Here is the latest in a series of examinations into urban legends about movies and whether they are true or false. Click here to view an archive of the movie urban legends featured so far.
MUSIC URBAN LEGEND: An interesting confluence of events had to occur on the road to “Whatever Will Be, Will Be (Que Sera, Sera)” winning an Academy Award for Best Original Song (including a title change).
Alfred Hitchcock had a problem when it came to the casting of his latest film, The Man Who Knew Too Much.
He wanted the film to star Jimmy Stewart, but Stewart’s agent told Hitchcock that Stewart would only do the film if Hitchcock agreed to take another of their clientsr, Doris Day, as the female lead (presumably to help promote Day as a dramatic actress to go with her fame as a singer and comedic actress).
Not only that, but part of the MCA deal insisted that if Day were to appear in the film and sang a song, Hitchcock would to hire her songwriters, Jay Livingston and Ray Evans, as well. And upon hearing that Day was possibly going to be in the film, Paramount Pictures insisted that yes, if she was going to be in the film, she would have to sing a song.
The character in the film WAS a singer, so Hitchcock was not all together displeased at this offer (while he was not at first pleased with the idea of hiring Day, he later was very complimentary of her acting skills), but first, he wanted to hear what kind of song Livingston and Evans were going to write. If they could nail the specific type of tune that he wanted, he would be okay with the whole deal. He specifically wanted them to write a song that sounded foreign and could be sung to a little boy.
Livingston and Evan were already very notable songwriters, at the time. I mean, the guys wrote “Silver Bells,” for crying out loud!
And they had already won two Academy Awards for Best Song, including “Mona Lisa,” which was a major hit for Nat King Cole in 1950.
So forcing them to practically audition was not an experience they had had for quite some time.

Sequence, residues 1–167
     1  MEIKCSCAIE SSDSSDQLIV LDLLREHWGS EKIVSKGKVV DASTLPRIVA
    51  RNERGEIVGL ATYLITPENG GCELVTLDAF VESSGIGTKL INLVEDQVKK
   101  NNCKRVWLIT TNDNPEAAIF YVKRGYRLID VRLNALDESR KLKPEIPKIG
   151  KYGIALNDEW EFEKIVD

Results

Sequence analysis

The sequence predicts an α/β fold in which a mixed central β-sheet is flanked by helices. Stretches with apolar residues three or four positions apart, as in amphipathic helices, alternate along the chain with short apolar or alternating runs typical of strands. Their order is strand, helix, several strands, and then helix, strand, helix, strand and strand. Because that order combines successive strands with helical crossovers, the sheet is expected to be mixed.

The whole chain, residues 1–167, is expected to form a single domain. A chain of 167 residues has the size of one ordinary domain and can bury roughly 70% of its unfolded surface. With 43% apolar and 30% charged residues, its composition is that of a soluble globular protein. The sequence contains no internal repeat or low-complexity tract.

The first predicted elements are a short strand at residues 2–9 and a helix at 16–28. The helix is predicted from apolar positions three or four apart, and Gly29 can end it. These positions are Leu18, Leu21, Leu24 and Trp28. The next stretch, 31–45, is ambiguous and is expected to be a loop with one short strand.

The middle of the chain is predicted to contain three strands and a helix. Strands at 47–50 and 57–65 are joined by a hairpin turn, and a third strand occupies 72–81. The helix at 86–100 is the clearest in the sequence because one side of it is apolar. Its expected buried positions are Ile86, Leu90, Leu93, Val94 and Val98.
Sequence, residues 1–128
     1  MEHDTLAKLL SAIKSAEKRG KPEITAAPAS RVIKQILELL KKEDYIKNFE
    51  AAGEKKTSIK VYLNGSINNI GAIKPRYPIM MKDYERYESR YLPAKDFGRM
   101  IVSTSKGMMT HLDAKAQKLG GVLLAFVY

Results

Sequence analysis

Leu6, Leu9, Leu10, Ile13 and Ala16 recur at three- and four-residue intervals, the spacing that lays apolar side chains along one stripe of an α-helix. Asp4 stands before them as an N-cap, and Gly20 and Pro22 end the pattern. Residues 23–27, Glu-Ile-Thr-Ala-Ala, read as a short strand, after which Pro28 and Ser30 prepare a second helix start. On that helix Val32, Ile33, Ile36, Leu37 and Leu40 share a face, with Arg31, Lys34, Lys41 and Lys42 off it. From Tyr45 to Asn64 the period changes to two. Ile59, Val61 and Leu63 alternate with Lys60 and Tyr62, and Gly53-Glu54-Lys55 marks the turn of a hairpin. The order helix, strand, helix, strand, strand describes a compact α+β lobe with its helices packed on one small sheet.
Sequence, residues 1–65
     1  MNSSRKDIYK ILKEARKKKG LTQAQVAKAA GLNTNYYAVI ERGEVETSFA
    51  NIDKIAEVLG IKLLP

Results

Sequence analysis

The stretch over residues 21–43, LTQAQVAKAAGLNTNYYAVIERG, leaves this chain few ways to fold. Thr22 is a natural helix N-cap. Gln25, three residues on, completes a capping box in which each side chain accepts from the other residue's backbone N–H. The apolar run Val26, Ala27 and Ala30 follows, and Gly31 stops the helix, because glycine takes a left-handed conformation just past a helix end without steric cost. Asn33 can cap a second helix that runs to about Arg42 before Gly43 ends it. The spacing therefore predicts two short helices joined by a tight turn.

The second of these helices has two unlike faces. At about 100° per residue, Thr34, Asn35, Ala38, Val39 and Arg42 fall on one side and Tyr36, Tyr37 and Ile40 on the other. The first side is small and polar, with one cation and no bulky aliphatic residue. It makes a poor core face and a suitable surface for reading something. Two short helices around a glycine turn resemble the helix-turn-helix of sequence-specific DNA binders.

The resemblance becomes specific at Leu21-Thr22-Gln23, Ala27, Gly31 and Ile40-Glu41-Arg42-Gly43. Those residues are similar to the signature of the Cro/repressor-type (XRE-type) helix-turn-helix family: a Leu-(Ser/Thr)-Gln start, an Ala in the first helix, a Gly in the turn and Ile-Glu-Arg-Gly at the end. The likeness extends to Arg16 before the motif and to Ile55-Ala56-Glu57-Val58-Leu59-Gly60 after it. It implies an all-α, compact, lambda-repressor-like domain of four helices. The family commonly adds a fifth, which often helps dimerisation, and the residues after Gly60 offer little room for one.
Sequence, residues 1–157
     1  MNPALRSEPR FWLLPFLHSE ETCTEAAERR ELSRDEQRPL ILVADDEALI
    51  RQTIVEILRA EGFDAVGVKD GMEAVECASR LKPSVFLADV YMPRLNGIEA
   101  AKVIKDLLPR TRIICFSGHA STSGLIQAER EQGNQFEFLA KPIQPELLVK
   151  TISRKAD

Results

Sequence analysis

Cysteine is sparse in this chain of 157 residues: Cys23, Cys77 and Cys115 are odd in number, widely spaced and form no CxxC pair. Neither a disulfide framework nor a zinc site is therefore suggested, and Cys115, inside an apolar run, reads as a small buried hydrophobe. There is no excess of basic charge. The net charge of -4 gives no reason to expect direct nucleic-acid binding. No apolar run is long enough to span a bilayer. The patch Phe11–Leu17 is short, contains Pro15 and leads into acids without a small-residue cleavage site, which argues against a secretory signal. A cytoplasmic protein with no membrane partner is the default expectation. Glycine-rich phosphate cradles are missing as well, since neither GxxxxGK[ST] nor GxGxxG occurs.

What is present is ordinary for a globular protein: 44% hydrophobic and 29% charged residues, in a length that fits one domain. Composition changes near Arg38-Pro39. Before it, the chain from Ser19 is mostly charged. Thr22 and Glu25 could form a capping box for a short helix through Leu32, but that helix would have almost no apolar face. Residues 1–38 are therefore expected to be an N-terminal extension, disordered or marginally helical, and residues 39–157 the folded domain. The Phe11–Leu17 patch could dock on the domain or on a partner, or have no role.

However, the duo were up to the task.
Interestingly enough, Livingston had already jotted down a foreign-sounding idea for a song soon before their meeting with Hitchcock.
While seeing the film, Barefoot Contessa, Livingston noted a scene where Ava Gardner’s character is taken to the ancestral home of an Italian character, who shows them the family motto (engraved on the castle wall), “che sera, sera,” which she is told means “whatever will be, will be.”
Livingston thought that that sounded great, so he jotted it down while still in the movie theater.
So when Hitchcock told them he wanted a foreign-sounding song (since Jimmy Stewart’s character in the film is a well-traveled man), they had the song name in their files and quickly whipped up “Que Sera, Sera (Whatever Will Be, Will Be).”
They switched from the Italian “che” to the Spanish “que” because they figured that there are more countries that speak Spanish than speak Italian.
Hitchcock loved the song, although it actually took some cajoling to get Day to agree to do the song, as she felt it was too childish, but she eventually relented.
Of course, it became her biggest hit (she would sing the song in two more films and had it as the theme song to her 1960s TV series)…
The song was featured prominently in the film, which was a big hit, commercially and critically…
One last thing had to happen, though.
The song’s original title was “Que Sera, Sera (Whatever Will Be, Will Be),” but there was a worry that the song title would put off Academy voters (as no foreign language song had ever won the Oscar at the time – the first foreign song to win was actually four years later, and that was the ONLY foreign language song until 2004!), so the producers insisted that the song be listed in the film as “Whatever Will Be, Will Be (Que Sera, Sera).”
And that’s how the song was released, and that’s the name the song won the Oscar under.
By the by, while Livingston did not know it, Che Sera, Sera was an actual phrase before being used in the Barefoot Contessa. Christopher Marlowe used it in his famous play Doctos Faustus in the late 1500s – “Che sera, sera / What will be, shall be”
The term was also used as the heraldic motto for the Dukes of Bedford.
That’s a lot of usage out of one little phrase!
The legend is…
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